There were still many challenges ahead of the Israelites. They had to finish taking possession of the land. Then they had to learn how to live in it in accordance with the covenant they had entered with God. Centuries of history still lay ahead of them, centuries that would bring some successes and many failures. By crossing the Jordan into the land that God was giving them marked the end of an era. Their time of wandering was over. A new epoch was beginning.

This reading is about faithfulness, God’s faithfulness. God had promised family and territory to Abraham. God had promised delivery from slavery through Moses. Now, as the Israelites are encamped on the west bank of the Jordan celebrating Passover, all these promises had been fulfilled. God has proved faithful.

The history of these people is an image of what happens to Christians nowadays. Like the people of Israel, they were also led out of the land of slavery, that is, from the state of sin where they were before baptism, and became children of God. The Hebrews made a great feast at Gilgal to celebrate their liberation; Christians celebrate their salvation in the Eucharist, the sacrament that makes present once more the Passover, the Easter of Christ, his death and his Resurrection.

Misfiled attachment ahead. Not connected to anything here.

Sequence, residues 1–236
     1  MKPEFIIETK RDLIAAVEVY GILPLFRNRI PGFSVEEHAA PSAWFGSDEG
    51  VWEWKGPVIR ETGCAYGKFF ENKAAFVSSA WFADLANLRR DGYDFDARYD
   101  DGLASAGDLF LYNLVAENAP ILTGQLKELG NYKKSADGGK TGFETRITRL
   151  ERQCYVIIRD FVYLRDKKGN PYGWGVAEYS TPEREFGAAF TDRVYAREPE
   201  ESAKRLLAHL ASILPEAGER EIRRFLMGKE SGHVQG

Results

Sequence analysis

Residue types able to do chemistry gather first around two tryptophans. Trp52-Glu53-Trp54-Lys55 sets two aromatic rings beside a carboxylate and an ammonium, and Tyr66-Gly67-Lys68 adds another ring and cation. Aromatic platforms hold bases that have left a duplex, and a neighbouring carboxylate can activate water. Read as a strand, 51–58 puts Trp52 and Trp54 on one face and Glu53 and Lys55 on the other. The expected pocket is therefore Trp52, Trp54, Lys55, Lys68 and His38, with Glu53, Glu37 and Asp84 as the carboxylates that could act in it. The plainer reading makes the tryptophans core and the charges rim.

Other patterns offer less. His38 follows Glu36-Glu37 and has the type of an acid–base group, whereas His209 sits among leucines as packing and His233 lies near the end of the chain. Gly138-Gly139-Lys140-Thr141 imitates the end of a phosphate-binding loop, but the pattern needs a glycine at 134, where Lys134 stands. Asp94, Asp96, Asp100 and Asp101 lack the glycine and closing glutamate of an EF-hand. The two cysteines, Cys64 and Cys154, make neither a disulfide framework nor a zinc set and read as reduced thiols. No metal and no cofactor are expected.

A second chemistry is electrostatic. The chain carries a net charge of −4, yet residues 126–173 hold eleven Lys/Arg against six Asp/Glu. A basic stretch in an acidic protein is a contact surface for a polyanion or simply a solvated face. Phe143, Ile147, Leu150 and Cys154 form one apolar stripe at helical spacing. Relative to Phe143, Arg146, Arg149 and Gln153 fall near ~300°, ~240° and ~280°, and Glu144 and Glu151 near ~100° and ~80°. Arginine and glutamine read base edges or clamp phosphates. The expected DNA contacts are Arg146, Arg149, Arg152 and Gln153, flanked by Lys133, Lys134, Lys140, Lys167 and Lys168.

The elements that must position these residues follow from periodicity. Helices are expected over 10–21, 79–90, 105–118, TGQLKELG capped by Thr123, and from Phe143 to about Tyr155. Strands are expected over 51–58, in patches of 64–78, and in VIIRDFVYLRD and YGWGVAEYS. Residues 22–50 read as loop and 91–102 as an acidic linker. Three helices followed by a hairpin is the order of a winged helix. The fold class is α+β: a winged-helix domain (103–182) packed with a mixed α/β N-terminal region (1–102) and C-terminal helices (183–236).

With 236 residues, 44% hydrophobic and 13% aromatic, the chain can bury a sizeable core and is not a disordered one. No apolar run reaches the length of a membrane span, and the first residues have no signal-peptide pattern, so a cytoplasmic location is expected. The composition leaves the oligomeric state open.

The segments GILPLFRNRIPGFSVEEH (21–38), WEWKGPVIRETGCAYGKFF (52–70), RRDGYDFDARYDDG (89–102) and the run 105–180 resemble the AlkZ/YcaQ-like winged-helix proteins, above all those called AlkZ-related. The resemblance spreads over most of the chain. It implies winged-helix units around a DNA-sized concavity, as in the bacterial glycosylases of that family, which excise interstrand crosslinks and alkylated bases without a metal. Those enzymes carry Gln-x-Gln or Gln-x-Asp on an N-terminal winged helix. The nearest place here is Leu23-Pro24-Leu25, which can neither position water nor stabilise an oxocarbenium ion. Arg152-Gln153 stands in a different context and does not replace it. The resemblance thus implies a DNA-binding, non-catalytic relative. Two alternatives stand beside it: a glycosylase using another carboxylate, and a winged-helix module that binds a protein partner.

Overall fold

Psalm 34:2-7.

The Psalm of thanksgiving is associated with David when he pretended to be mad in the court of the Philistine king (1 Sm. 21:11-14), but it suits anyone conscious of divine deliverance, whether the Israelites were saved from the desert, or a younger son reconciled to his father as in the Gospel story.

2 Corinthians 5:17-21.

The theme of this passage is ‘reconciliation’. We find this word five times in the few verses of the reading, and it does not mean only ‘to agree once again with each other’, ‘remove the unfriendliness’, or to ‘be purified of one’s sins’. It implies the birth of a completely new creature.